US Geological Survey


Date of this Version



Published in The JOURNAL OF WILDLIFE MANAGEMENT 67(1):115-121.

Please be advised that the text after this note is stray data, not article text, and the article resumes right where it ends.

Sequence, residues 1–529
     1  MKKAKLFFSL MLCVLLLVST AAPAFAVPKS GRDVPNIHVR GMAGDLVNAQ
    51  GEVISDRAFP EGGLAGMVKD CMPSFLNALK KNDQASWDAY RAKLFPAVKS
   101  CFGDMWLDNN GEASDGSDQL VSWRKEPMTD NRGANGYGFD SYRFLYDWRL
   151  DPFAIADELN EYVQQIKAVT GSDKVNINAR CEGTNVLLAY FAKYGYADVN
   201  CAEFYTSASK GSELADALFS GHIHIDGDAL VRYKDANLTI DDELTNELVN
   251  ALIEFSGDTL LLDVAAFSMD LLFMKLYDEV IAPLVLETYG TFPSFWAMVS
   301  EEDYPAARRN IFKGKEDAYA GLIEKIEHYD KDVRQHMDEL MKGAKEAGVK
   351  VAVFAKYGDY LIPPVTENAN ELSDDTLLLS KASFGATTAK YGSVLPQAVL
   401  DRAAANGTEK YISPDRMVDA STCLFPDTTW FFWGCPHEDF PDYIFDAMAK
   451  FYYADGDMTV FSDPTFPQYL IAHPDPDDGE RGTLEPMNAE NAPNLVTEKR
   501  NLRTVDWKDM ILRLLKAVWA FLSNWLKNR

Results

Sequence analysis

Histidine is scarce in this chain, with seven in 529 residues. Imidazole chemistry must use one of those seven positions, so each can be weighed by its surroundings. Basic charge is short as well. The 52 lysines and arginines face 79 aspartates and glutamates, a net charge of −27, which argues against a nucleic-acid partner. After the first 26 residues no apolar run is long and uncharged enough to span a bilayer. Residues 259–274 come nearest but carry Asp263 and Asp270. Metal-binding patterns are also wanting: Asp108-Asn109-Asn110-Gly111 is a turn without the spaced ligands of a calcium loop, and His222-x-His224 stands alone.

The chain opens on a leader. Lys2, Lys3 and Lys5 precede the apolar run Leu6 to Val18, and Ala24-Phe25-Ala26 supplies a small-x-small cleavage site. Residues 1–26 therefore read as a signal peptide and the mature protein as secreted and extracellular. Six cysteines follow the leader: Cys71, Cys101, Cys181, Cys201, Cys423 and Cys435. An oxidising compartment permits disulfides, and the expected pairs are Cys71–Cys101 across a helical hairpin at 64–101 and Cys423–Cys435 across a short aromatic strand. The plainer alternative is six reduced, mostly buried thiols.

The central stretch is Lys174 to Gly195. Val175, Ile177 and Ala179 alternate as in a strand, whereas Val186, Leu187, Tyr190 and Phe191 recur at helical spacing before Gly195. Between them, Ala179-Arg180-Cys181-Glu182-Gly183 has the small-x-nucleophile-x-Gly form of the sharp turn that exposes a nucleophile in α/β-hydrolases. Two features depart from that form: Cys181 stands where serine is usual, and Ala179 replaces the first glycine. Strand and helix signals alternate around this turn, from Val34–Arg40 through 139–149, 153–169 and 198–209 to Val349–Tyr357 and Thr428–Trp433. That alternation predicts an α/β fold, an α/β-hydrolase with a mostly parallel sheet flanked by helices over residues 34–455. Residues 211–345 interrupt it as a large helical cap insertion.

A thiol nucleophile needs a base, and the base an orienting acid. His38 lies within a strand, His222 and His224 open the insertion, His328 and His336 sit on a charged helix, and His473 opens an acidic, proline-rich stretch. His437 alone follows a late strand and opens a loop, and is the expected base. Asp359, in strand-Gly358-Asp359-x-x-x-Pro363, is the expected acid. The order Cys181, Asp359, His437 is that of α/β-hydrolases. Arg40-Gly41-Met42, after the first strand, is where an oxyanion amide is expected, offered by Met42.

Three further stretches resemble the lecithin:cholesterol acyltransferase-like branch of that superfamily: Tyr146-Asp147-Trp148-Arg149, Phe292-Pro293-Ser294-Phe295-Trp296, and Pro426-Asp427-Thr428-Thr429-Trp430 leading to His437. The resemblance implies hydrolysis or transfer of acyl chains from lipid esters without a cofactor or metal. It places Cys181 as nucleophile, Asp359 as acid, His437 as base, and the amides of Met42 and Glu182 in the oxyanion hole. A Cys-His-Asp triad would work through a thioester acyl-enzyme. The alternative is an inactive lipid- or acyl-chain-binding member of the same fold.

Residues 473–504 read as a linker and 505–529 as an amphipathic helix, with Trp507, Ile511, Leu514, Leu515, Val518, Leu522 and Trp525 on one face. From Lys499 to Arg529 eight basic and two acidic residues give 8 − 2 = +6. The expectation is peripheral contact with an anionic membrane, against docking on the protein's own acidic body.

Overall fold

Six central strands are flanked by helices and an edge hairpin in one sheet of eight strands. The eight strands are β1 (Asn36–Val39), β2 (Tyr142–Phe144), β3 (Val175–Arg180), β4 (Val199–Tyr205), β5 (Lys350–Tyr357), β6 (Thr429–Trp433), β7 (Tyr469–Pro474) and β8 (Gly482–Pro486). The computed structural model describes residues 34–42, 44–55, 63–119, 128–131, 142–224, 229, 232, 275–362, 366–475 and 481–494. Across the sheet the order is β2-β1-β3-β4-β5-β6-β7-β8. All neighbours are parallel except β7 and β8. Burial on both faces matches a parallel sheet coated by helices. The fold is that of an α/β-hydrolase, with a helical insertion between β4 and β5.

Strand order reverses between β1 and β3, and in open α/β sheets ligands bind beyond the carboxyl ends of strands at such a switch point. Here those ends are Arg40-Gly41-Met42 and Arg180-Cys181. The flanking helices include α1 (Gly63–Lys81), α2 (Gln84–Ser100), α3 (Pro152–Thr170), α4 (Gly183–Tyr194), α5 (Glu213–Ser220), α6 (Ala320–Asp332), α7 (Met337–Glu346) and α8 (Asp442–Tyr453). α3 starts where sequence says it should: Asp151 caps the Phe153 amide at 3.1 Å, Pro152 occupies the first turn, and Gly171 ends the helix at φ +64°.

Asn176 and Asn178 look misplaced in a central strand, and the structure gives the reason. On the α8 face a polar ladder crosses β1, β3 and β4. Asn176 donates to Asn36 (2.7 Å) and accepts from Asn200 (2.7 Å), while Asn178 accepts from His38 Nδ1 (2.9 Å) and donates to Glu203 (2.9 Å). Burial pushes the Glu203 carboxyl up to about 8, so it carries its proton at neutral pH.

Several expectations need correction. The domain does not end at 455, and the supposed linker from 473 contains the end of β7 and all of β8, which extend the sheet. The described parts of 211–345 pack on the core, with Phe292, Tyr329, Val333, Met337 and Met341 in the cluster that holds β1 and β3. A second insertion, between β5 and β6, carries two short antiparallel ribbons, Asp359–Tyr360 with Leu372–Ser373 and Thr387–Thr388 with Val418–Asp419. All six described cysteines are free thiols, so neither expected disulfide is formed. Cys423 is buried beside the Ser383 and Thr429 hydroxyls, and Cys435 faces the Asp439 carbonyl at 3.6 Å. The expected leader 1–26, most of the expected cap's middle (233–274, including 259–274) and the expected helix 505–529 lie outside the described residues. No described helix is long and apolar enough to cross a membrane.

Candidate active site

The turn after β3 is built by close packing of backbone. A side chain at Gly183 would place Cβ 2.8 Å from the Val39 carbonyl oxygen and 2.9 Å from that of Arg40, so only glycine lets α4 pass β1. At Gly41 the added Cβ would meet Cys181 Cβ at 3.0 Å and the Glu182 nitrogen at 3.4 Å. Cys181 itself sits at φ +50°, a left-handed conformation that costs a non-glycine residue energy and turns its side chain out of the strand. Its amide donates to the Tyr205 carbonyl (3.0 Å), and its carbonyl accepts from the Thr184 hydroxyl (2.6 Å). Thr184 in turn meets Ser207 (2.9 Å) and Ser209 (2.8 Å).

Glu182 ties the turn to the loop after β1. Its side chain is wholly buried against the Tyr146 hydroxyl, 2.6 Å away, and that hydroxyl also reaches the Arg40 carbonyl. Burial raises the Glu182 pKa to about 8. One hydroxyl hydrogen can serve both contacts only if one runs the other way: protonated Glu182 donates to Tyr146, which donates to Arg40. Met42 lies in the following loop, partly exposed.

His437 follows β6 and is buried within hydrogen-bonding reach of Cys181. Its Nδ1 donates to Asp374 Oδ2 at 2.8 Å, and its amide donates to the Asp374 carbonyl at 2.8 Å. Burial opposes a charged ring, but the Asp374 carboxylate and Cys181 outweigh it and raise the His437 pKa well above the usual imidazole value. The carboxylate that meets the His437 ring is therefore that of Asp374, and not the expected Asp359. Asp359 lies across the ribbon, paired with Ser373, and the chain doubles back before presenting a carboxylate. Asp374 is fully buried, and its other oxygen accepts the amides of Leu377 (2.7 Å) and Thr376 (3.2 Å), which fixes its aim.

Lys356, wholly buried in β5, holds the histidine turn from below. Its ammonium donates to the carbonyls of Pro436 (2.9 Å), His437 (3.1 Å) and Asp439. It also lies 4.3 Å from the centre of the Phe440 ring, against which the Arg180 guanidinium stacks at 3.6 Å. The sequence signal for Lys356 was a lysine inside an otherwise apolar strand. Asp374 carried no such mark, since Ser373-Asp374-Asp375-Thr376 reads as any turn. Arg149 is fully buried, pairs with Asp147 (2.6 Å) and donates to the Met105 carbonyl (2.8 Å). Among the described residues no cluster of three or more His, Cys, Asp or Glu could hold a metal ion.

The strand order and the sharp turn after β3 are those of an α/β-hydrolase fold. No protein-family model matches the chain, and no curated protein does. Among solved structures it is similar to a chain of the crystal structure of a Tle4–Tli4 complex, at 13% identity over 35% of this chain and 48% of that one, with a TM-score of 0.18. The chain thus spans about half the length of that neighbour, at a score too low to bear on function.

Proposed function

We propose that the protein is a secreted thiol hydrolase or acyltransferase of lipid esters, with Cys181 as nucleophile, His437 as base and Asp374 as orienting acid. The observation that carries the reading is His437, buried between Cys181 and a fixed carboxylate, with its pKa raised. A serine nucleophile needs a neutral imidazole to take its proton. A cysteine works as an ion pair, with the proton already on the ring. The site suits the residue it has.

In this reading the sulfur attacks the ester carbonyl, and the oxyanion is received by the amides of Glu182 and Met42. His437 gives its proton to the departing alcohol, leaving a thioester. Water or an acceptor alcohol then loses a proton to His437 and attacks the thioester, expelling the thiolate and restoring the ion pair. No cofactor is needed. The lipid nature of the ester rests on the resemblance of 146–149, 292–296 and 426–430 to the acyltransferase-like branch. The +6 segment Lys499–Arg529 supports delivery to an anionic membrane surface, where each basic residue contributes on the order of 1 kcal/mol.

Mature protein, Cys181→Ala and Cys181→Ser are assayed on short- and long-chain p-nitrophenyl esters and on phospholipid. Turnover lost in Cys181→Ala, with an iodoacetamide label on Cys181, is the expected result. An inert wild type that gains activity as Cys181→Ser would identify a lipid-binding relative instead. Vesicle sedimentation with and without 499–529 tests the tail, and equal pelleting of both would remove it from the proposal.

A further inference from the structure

Grassland bird populations are declining. Invasive plant species may be contributing to these declines by altering habitat quality. However, the effects of invasive plants on grassland birds are largely unknown. Leafy spurge (Euphorbia esula) is an exotic, invasive weed in the northern Great Plains. We examined the effects of leafy spurge infestation on densities of breeding birds, nest-site selection, and nest success in grasslands on the Sheyenne National Grassland (SNG), North Dakota, USA, 1999-2000. We categorized spurge-infested grasslands into 3 groups (low, medium, high), based on the area covered by spurge patches. We surveyed 75 100-m-radius circular points (25 in each group), and searched for nests in 6 16-ha plots (2 in each group). Grasshopper sparrow (Ammodramus savannarum) and savannah sparrow (Passerculus sandwichensis) densities were lower on high-spurge points than on low- and medium-spurge points. Bobolink (Dolichonyx oryzivorus) and western meadowlark (Sturella neglecta) densities were not significantly different among spurge cover groups. Spurge cover did not appear to be an important factor in nest-site selection. However, western meadowlark nest success was positively associated with spurge cover. Vegetation structure is an important indicator of habitat quality and resource availability for grassland birds. Changes in vegetation structure caused by introduced plant species, such as spurge, can alter resource availability and hence affect bird community composition. Managers of spurge-infested grasslands should continue current spurge con- trol measures to help prevent further declines in grassland habitat quality and grassland bird populations.